As an undergrad I had a couple majors and a couple minors...no big deal. Ultimately all it meant was I took a lot of classes all over the place and went through the time and effort to declare them.
As a PhD student, though, declaring a minor is pretty uncommon. Hell, a lot of schools don't even offer the option. My understanding is that minors are usually for highlighting a certain amount of coursework in a closely related field to the one you're studying. Seemingly obvious pairings would be a PhD in Math with a minor in Statistics, or a PhD in Classics with a minor in Philosophy. However, unlike in undergrad (and really even at the Masters level), during a PhD the emphasis is primarily on research, not coursework. So why is a PhD minor a thing? Does it serve any purpose more than just another notch in your academic belt?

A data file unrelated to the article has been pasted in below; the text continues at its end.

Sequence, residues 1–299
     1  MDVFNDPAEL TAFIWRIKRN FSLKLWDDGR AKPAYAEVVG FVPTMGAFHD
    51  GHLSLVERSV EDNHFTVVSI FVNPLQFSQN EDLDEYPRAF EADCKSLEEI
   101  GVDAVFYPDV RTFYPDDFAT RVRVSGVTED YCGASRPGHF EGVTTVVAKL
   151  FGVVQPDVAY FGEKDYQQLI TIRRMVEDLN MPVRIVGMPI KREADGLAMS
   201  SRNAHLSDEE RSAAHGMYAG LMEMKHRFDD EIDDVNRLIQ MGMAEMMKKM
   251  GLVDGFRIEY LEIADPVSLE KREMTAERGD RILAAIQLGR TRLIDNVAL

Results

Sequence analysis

Personally, I am thinking about adding a Math or Statistics minor to my PhD in Computer Science, but I can't come up with a good reason other than "I'm interested in higher level math/stats and it's really applicable to the area of CS I work in." That's enough to satisfy me, I guess, but is there really any other reason to do this?
EDIT: I guess I should add that *in my case* I'm not thinking about a minor for minor's sake, but rather that I'm already taking a bunch of courses in that area so it just means an extra course or two. The question still stands though: why is it a thing? And, furthermore, does it carry different connotations in different areas (e.g. the humanities vs. applied sciences)?